Salary range: $40,000 – $103,000

4. Advanced Practice Registered Nurse (APRN)

An advanced practice registered nurse with a doctor of nursing practice degree can provide excellent health care to patients. In this role, healthcare providers have the option of working in several different settings, including emergency medicine, urgent care, routine care, long-term care, and more. Advanced practice registered nurses with their DNP can give their patients the best of two worlds: the knowledge of a highly advanced medical professional combined with the bedside manner of a caring nurse. APRNs can provide one on one patient care, or may work as a part of a larger health care team.

Salary range: $78,000 – $116,000

5. Primary Care Provider (PCP)

The health care field is in dire need of qualified primary care providers. Nurse practitioners and doctors of nursing practice are being called upon more and more to provide patients with routine and preventive care. Studies show that by 2020, there will be a shortage of over 45,000 primary care providers. When you earn your doctor of nursing practice degree, you’re able to provide patients with the same level of care as a primary care doctor, and you bring the bonus of your years of experience providing direct patient care. PCPs may work for themselves in an office that provides routine or urgent medical care or may be part of a larger healthcare organization.

Salary range: $160,000 – $259,000

6. Acute Care Nurse Practitioners

Many people who earn their doctor of nursing practice degree continue to put their advanced knowledge of health care to use working as nurse practitioners. Acute care nurse practitioners often work in urgent care and primary care centers, attending to routine but urgent health care needs. In this role, it’s key to work with patients as well as family members who provide care. Acute care nurse practitioners often work with a physician in charge, but nurses in this role who have their doctorate of nursing practice may not need to consult with other health care professionals before creating and implementing care plans for patients.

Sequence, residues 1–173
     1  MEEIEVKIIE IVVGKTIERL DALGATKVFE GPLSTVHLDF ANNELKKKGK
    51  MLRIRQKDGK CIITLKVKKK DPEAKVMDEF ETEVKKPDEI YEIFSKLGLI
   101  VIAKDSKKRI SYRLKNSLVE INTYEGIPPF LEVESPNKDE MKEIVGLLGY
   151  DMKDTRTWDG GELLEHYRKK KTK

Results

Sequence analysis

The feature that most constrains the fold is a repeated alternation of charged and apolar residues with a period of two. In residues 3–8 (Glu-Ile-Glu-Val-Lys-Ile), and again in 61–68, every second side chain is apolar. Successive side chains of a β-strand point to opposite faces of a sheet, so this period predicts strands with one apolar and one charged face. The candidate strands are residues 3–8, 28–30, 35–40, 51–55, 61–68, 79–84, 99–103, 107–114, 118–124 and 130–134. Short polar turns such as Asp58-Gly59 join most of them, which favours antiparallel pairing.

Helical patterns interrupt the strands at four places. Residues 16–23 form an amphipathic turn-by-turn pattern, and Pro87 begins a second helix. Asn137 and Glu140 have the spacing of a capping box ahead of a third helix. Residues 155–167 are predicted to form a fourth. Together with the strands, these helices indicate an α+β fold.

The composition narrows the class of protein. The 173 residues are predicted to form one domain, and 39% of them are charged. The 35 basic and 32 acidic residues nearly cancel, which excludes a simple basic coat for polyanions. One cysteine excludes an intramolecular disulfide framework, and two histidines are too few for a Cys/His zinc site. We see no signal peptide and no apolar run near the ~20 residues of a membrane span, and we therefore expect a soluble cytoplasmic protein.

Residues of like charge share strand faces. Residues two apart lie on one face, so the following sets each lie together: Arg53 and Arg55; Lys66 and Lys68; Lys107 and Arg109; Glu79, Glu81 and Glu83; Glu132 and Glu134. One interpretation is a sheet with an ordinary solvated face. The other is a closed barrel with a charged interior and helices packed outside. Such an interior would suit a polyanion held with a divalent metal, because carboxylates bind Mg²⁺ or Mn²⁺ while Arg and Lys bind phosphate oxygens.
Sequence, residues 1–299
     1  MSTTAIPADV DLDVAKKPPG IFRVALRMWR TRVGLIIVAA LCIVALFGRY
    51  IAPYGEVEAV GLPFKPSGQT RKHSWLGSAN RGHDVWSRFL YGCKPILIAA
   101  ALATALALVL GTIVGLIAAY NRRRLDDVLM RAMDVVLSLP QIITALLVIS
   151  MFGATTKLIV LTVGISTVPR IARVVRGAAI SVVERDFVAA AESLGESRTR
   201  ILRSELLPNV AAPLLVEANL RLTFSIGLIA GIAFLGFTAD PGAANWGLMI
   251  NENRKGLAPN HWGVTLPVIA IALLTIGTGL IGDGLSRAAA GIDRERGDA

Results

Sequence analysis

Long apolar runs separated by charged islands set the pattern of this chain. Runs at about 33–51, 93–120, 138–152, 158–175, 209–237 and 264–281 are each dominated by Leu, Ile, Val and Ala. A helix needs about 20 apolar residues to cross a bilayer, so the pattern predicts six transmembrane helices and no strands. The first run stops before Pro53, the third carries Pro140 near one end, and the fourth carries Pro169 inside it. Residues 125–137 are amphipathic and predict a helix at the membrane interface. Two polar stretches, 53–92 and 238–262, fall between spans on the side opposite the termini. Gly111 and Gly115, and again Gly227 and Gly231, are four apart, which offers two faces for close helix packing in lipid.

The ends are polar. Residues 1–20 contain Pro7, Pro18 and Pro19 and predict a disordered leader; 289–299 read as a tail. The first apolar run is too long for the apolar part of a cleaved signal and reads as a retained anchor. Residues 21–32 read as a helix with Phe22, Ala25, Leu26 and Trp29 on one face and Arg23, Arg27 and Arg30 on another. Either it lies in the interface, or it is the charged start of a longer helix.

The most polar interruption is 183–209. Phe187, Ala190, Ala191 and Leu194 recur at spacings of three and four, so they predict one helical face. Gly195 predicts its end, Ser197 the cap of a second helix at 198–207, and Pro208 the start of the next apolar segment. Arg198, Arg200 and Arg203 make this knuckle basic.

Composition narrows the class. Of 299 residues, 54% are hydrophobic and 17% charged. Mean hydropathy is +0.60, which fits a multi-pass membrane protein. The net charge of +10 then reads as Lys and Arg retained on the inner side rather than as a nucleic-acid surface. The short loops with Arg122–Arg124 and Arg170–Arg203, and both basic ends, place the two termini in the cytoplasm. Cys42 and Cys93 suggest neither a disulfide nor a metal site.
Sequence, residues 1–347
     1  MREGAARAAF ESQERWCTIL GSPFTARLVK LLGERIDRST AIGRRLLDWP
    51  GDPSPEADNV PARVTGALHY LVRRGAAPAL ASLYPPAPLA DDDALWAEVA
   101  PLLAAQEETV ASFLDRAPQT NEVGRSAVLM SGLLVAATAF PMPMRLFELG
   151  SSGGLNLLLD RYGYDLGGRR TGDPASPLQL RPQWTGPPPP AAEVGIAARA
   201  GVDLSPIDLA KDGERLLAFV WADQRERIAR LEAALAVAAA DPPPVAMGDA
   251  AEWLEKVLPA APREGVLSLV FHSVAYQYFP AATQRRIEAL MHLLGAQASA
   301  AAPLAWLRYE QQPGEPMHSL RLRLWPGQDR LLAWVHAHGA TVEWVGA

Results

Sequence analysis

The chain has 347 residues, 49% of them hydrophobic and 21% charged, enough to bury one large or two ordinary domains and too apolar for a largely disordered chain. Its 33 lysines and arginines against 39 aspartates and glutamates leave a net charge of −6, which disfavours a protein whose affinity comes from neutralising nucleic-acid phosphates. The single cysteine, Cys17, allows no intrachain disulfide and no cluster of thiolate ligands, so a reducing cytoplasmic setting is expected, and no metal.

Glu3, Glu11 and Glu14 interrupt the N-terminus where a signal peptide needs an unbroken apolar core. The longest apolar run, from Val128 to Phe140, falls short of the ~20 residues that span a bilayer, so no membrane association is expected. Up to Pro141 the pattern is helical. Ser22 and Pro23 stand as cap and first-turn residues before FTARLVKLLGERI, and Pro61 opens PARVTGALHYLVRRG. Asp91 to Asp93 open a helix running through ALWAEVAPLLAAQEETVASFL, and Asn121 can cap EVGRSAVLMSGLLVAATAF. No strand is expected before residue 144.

Salary range: $85,000 – $125,000

7. Advanced Registered Nurse Practitioner (ARNP)

Nurses in this role have responsibilities that go far beyond that of a standard registered nurse, and this is doubly true for advanced registered nurse practitioners who also have their doctor of nursing practice degrees. Advanced registered nurse practitioners create and implement patient treatment plans, and may also be in charge of a treatment team. ARNPs are seen as leaders in health care and may have a staff of registered nurses and nurse practitioners whom they manage. Nurses in this role may also interpret and make treatment plan changes based on test results.

Salary range: $78,000 – $120,000

8. Nurse Anesthetist (CRNA)

Nurses in this position administer anesthesia to patients to prepare them for surgical and other procedures. Many nurses who work as CRNAs have their doctor of nursing practice degree, and they also need to have state certification and approved training to provide anesthesia. Communication skills are especially important in this role, as a CRNA must constantly monitor and communicate data on a patient’s condition to the rest of the treatment team. Continuing education is key for a CRNA, as advances are constantly being made in anesthesia. Bedside manner is an important part of patient care for any nurse, but it’s especially important for a CRNA. People who are about to receive anesthesia are often nervous and depend on the care of a qualified CRNA. Calmly and professionally explaining procedures and medications to nervous patients and their families can set the tone for a successful surgery and recovery.

Salary range: $99,000 – $195,000

9. Chief Nursing Officer (CNO)